Someone comes to me and says, "Pastor Deanna, "Somebody" feels this way but they didn't want to come to you." (Matthew 18 basically shows you should ignore this unless they handle things properly, just disregard this completely until they follow biblical order.)
Someone else says, "A lot of people" are upset about such and such..." Then you ask, "who?" Usually people will not give names. Why? It's rarely more than three or four people who want it to seem like an army. Anonymity gives them the illusion of power. (And it is an illusion, make no mistake. Usually such people have an incredibly over-estimated view of their importance and impact.)
I've gotten an anonymous note on an offering envelope or a fax (unless it says, "Love you, PD!" or something like that, this is what the church office shredder exists for.)
Signing or doing anything anonymous is for cowards, plain and simple. If you are so right, and you are so passionate about what you believe -- own it! IMHO if you have to hide it or whisper over it, it's probably of the devil.
Recently Facebook added something to their features called an "honesty box." With this feature, if you enable it friends can come to your page and write anything they want to, good or bad, anonymously. Some people seem to be filled with glee over the honesty box. I completely disagree with it. I honestly believe it teaches people to be dishonest. Because hiding who you are is dishonest. If you aren't man or woman enough to own up to your words, you shouldn't say them. "But," I have heard protested, "the honesty box enables people to tell people things they are too afraid to tell them otherwise." Then the fact is, the person writing in the honesty box has issues in their character that they need to work on. If they are not strong or courageous enough to tell the other person face to face or in a signed letter how they feel, their thoughts are not worthy of being heard. Notice I did not say the person is not worthy of being heard. It is simply that they are not able to own up to their words yet and be mature enough to communicate them directly, therefore the words are not yet worthy of being heard and should not be brought forward until they come to that point. To do anything else is to coddle immaturity and make it easy for people to continue in it.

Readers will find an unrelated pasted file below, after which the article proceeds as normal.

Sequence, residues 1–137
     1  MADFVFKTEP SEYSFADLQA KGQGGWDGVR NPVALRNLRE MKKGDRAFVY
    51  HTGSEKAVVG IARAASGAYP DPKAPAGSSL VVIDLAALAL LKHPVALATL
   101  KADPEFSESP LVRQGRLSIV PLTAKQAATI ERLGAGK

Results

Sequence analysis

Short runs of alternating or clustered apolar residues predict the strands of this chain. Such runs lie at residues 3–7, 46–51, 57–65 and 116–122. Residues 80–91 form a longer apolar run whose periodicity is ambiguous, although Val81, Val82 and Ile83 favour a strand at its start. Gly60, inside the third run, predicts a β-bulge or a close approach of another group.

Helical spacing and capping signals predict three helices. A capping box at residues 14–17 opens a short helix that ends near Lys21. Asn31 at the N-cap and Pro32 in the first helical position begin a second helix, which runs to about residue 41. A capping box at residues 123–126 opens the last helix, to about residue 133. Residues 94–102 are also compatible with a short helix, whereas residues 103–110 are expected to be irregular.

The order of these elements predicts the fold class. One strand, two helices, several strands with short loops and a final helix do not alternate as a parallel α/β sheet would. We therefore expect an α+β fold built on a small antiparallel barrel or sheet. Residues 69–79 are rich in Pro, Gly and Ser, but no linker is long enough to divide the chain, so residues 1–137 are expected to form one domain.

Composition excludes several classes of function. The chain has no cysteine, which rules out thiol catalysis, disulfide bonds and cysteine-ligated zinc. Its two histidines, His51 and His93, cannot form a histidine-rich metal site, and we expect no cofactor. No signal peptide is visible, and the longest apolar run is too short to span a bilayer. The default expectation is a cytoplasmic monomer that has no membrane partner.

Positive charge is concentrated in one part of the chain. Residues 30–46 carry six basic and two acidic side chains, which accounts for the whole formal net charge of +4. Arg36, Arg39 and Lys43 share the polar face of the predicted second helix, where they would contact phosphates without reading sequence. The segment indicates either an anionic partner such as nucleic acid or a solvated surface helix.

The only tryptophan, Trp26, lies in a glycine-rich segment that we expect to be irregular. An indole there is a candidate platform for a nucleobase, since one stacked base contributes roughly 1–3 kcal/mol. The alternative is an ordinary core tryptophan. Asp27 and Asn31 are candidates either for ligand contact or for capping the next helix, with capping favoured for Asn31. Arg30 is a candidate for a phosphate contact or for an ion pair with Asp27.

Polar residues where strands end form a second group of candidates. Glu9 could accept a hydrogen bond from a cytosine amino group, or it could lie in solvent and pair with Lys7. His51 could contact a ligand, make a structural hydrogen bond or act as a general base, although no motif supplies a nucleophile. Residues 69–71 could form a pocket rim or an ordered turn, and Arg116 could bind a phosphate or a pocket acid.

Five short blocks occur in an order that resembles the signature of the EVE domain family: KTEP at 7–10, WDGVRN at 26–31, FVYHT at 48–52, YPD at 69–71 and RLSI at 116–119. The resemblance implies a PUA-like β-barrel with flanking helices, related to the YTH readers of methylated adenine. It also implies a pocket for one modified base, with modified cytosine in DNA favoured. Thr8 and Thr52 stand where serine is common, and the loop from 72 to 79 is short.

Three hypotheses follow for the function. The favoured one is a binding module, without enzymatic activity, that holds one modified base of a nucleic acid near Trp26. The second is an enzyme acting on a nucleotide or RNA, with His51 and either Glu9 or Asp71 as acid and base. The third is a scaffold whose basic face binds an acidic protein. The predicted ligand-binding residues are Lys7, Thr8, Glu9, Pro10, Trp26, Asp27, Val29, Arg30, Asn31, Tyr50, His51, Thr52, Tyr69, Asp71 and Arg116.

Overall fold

Just in case anybody is wondering...no, I didn't receive an unsigned letter this week! In fact I haven't gotten one in a really long time! (Knock on wood...) But going on... it is unfair for a person to face an unsigned writer. How would you even make a wrong right with someone who writes in your honesty box when you don't even know who they are? And the truth of the matter is...you may not even have the problem that somebody wrote in the honesty box about. It may be their problem that they need to work through, not yours. But they just dropped a boat load of verbal garbage on you that you don't need. Why subject yourself to that?